Rousing farewell to momentous saga
THE DARK KNIGHT RISES
Christian Bale, Tom Hardy, Anne Hathaway, Liam Neeson, Joseph Gordon-Levitt, Gary Oldman, Marion Cotillard, Morgan Freeman, Michael Caine, Matthew Modine. Screenplay by Christopher Nolan and Jonathan Nolan, directed by Christopher Nolan. 164 minutes, rated M (violence), showing at Reading Cinemas Porirua and Light House Pauatahanui.
Oh God, it’s finally here. Few pictures will ever arrive in cinemas with more anticipation and expectation than this one, and it’s down to two things: The Dark Knight was so frickin’ amazing; and chief architect Christopher Nolan has made it very clear this is his last crack at Batman.
Given the reverence with which fans hold his reinvigoration of the franchise, that may as well mean the last one.
Warner Bros will, of course, find another way to satisfy our appetite for the Caped Crusader – and make a ton of moolah doing so – but will they ever come close to this?
The Dark Knight Rises is an epic, ambitious and artful final chapter, which returns to the themes central to Batman Begins – justice, corruption, sacrifice and redemption – with an undercurrent Occupy movement rage.
It also returns the focus to Bruce Wayne, our billionaire playboy who is still haunted by the murder of his parents and, more recently, the events of The Dark Knight.
Often a sombre affair, with less costumed fighting than expected, the picture still had me engrossed for every one of its 164 minutes.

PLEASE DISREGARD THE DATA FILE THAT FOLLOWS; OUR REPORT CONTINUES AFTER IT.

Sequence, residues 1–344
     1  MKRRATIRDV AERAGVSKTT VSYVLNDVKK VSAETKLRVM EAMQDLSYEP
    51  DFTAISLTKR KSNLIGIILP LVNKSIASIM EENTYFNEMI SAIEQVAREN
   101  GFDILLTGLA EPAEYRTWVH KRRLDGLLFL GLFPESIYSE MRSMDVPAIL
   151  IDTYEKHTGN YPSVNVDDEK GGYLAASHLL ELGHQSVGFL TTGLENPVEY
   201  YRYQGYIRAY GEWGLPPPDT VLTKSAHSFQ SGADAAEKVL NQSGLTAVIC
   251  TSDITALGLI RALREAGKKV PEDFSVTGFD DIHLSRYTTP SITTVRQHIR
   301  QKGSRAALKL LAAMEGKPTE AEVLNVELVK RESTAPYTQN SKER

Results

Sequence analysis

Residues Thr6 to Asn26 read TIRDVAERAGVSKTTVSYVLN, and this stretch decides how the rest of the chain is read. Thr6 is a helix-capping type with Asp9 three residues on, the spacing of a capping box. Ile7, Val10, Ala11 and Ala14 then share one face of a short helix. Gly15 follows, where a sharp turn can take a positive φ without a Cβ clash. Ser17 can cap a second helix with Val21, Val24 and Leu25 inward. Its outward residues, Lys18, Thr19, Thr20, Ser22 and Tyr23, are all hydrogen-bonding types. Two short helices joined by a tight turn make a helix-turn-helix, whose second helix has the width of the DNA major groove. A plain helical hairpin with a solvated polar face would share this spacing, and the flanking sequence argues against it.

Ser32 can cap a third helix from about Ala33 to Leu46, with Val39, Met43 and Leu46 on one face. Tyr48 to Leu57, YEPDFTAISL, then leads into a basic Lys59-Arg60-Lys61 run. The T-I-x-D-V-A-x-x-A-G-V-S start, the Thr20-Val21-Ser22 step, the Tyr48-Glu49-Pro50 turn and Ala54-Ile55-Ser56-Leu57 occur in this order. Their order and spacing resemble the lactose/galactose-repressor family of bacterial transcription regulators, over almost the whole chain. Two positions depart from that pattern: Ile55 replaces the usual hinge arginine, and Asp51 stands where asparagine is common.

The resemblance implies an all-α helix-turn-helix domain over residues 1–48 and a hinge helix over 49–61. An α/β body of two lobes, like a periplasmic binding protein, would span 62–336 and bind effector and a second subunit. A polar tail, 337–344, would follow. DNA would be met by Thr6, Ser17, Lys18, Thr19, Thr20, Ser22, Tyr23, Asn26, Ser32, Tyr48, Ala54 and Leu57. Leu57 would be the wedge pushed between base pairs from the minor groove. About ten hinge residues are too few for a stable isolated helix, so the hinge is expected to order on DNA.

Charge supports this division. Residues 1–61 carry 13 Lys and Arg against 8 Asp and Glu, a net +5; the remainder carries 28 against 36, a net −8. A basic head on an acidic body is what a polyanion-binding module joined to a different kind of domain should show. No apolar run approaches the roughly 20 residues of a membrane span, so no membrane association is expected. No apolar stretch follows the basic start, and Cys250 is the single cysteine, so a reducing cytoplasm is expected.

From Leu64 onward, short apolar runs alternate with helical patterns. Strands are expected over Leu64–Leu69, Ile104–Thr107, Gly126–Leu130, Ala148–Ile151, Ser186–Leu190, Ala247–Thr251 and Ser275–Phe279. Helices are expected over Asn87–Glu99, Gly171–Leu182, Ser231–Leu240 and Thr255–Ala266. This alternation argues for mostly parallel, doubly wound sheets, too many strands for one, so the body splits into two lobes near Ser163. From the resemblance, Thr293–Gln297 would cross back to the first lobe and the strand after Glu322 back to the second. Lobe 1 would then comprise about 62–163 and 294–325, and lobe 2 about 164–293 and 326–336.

The Dark Knight Rises is set
of eight years after the death of district attorney Harvey Dent, whose corruption has been hidden from the public. In its place has been a lie of martyrdom that has helped police gain greater power and criminals receive fewer rights.
The streets are clean but beneath them a rebellion is brewing, led by Bane (Tom Hardy), a physically imposing terrorist hell-bent on Gotham City’s destruction.
Meanwhile, Wayne has been shacked up in his mansion all these years, with bad knees and a broken spirit. But his interest in the world is rekindled when he crosses paths with plucky cat burglar Selina Kyle (Anne Hathaway).
Does the movie match The Dark Knight for ferocity and audience captivation? No, and it was always going to struggle. Quite simply, there’s no Joker in this deck.
Bane is a worthy villain: a fearful brute with a brain, and a muzzle of tubes in his mouth bearing painkillers to cope with some past horror. While this provides for an unnerving, augmented voice on the part of Hardy, the lack of facial expression limits the character’s engagement to the viewer and his beefy size restricts his fight scenes with Batman to punch-fests.
Bane’s intentions are also a bit muddled. What’s the point of overthrowing a city and fanning a civil revolution when you intend to blow it up?
Still, I didn’t for a second miss Joker or think Nolan had made a wrong move in his choice of nemesis. And let’s not forget Catwoman – though Selina Kyle is never given this moniker, in keeping with the grounded tone of the trilogy.
Hathaway’s double-crossing minx is a delight: her scenes with Bale, whether as Batman or Wayne, are the most enjoyable of the movie. I just wish they’d be back for another goround.
Nolan and Bale’s gritty Batman has made for one of the greatest three-parters in cinema history. They are as thrilling as the Jason Bourne thrillers, as involving as The Lord of the Rings and, dare I say, as sweeping in their enchantment as the original Star Wars films. It’s sad to say goodbye. Though there is a sweet hint of hope in the closing moments of The Dark Knight Rises and Nolan’s involvement with The Man of Steel Superman reboot, that his deft touch will again bring DC’s comic-book universe to life. Caped Crusader must thwart the catastrophic plans of muzzled brute Bane (Tom Hardy) in Christopher Nolan’s final Batman movie, The Dark Knight Rises.
Face off: The